When I was in Barcelona, I hit all the tourist attractions…Sagrada Familia, Parc Guell, Las Ramblas…etc. It was fun. I had a good time. I am so glad I got to see some of the things I did.

I think when all you do is stay in the tourist areas and not expand your experience, that is where you run into problems. Every city has it’s big attractions, sometimes it’s fun to find the little ones…

Great article!

John February 21, 2012 at 2:15 pm

My motto while traveling is to always make the most of every travel opportunity, and many times this means not missing the most spectacular sites when I’m nearby them. Consequently, these spectacular sites are often the most heavily touristed. But I certainly don’t feel guilty about visiting them.

Jeremy Branham February 21, 2012 at 11:51 am

No one should feel guilty for visiting tourist attractions. They are attractions for a reason and most are worth a visit. I’ve seen most of the ones you mention above and don’t regret it at all. My only issue with tourist attractions is when they become the ONLY thing people want to see and miss out on so many other opportunities and experiences.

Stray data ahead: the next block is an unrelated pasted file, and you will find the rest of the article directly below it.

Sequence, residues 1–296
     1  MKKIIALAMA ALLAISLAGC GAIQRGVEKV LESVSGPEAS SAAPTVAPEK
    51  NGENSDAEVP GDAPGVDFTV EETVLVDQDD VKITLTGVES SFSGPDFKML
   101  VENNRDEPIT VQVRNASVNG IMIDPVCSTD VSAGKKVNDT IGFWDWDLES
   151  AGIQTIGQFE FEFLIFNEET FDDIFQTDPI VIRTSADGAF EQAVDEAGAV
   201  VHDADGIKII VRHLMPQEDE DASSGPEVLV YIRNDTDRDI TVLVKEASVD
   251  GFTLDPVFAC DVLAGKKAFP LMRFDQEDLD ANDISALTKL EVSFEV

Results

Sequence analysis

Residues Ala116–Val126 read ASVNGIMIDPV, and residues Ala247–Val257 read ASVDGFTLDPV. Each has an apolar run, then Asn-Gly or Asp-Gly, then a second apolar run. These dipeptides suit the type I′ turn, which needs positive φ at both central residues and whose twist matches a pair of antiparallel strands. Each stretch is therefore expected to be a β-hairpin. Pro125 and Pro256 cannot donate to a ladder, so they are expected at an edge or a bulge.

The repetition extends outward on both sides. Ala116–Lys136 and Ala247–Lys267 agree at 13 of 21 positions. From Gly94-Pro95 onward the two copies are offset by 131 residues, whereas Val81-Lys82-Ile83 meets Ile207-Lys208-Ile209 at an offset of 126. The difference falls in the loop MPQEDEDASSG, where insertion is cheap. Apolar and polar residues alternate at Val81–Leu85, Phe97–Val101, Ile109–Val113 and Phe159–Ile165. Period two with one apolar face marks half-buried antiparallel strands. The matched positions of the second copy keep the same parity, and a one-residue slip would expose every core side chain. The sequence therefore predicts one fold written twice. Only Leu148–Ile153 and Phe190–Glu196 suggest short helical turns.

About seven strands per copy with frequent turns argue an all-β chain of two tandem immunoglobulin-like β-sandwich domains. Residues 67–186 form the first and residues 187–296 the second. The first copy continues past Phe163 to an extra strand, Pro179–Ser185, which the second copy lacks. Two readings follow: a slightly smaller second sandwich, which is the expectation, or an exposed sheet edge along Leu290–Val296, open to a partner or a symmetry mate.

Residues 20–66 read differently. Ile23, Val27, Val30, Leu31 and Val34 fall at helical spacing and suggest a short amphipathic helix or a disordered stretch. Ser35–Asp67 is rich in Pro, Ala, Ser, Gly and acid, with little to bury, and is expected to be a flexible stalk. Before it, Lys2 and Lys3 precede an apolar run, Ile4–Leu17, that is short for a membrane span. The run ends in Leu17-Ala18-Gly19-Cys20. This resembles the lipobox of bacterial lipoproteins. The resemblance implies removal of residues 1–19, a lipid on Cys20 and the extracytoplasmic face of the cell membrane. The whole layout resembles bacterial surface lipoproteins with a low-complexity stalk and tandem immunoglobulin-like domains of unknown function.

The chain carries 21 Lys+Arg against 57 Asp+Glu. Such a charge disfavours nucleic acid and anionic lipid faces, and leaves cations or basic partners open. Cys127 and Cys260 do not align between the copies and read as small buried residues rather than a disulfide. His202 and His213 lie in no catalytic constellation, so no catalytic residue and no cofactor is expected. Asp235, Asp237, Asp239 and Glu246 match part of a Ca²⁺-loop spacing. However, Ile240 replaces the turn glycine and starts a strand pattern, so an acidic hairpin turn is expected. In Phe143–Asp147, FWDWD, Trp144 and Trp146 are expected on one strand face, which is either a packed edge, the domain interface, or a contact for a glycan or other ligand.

However, you close out this post with the most important thing of all in my opinion. Our best memories and experiences in travel are NOT the tourist attractions and places we can check off our list. Our best experiences are the people we meet and those unique stories and encounters that go far beyond a museum or attraction.

julie February 21, 2012 at 11:40 am

Thanks for this – I always feel like I’m not a “real” traveler because I spend a lot of time at tourist attractions. But I like tourist attractions and I like other tourists (they’re usually interesting people).